Hydrospeeding daredevils take on a glacier

Hydrospeeding
Hydrospeeding on Aletsch Glacier in Switzerland. Photo by David Carlier/Caters News

Hydrospeeding down treacherous, icy rivers of a glacier comes full of peril and is certainly not recommended for the everyday bodyboarder that simply enjoys riding whitewater, also known as riverboarding.

Even for those handful of hydrospeeders who are qualified and seek a different kind of adrenaline rush, it can be dangerous, what with the strong current, hidden crevices, and the possibility of collapsing glacial lakes above that send a tidal wave of ice down the glacial river.

Hydrospeeding
Hydrospeeding on Aletsch Glacier in Switzerland. Photo by David Carlier/Caters News

But that didn’t stop Swiss mountain guide Claude-Alain Gailland and mountaineering expert Gilles Janin from risking their lives hydrospeeding down a seven-mile stretch of the Aletsch Glacier, a UNESCO World Heritage Site in Switzerland.

Photographer David Carlier, an action sports and adventure specialist based in Switzerland, spent five hours trudging over the icy terrain to capture unique and spectacular photos of the pair riding down the largest glacier in the Alps.

“This is a very dangerous activity for two main reasons,” Carlier told Caters News Agency. “First they need to check the whole glacial river to make sure there are no big crevices ahead. They also need to make sure there are areas where they can stop without being swept away by the stream, which can be very strong.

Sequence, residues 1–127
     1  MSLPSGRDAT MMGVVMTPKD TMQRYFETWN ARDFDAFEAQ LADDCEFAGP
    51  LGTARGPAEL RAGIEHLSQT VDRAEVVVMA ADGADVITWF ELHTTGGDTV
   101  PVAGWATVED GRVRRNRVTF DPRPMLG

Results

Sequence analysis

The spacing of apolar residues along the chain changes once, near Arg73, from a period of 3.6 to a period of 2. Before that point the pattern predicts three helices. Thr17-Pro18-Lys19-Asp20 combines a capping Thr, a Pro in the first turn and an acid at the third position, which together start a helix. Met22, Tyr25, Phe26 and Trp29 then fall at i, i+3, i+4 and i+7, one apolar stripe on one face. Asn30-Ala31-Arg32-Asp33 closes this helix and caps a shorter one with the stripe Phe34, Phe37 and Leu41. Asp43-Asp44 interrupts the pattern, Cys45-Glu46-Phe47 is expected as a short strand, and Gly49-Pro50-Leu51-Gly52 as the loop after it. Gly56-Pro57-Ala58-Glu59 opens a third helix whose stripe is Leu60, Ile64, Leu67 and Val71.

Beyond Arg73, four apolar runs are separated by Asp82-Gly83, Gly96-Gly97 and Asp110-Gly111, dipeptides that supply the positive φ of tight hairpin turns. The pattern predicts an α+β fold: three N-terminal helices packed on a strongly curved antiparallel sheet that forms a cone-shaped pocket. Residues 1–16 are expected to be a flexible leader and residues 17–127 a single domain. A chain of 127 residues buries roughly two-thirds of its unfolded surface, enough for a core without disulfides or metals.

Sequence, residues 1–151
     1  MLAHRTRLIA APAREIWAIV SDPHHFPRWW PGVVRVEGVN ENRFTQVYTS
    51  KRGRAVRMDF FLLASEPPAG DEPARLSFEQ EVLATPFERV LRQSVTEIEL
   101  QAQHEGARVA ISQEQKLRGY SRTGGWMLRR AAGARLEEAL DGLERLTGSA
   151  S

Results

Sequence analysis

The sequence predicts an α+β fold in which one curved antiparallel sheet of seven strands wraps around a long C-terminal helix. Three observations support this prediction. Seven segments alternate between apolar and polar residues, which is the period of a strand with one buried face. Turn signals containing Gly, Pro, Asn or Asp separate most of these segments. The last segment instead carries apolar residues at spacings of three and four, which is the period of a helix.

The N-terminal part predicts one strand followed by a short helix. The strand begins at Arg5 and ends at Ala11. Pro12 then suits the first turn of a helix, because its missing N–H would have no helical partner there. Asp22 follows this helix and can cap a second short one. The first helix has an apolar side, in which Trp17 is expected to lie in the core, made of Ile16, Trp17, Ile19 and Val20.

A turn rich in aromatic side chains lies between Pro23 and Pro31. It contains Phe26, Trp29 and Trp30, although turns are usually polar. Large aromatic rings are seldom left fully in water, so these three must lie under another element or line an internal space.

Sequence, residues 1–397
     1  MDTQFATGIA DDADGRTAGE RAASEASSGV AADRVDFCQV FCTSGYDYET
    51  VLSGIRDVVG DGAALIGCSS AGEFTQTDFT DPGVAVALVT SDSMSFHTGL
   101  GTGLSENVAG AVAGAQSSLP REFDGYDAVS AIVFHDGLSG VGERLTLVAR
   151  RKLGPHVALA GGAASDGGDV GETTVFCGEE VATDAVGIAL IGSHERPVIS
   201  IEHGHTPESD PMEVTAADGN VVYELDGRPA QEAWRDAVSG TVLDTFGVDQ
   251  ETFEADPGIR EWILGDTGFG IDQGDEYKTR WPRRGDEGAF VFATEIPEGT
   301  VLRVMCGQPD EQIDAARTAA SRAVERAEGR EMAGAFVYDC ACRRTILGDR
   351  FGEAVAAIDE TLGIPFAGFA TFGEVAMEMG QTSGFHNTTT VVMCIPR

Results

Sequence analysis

Hydrospeeding
Photo by David Carlier/Caters News

“The second danger consists of glacial lakes located above, that could suddenly be released. We did have that scenario and suddenly a few hundred cubic meters of half-melted ice runs down the river at full speed.”

Fortunately, nobody was injured.

“This is a very unusual activity,” Carlier said. “Most wouldn’t dare to hydrospeed on a course like this, certainly not on a major glacier like this one. I know some people have done it in Chamonix, but we are talking about a handful of guys in the world who can do it, as it requires a lot of knowledge and expertise.”

Check out more stunning photos of Gailland and Gilles:

Claude-Alain Gailland and Gilles Janin
Claude-Alain Gailland and Gilles Janin walking up Aletsch Glacier. Photo by David Carlier/Caters News
Hydrospeeding
Photo by David Carlier/Caters News
Hydrospeeding
Photo by David Carlier/Caters News
Hydrospeeding
Photo by David Carlier/Caters News
Aletsch Glacier
Photo by David Carlier/Caters News

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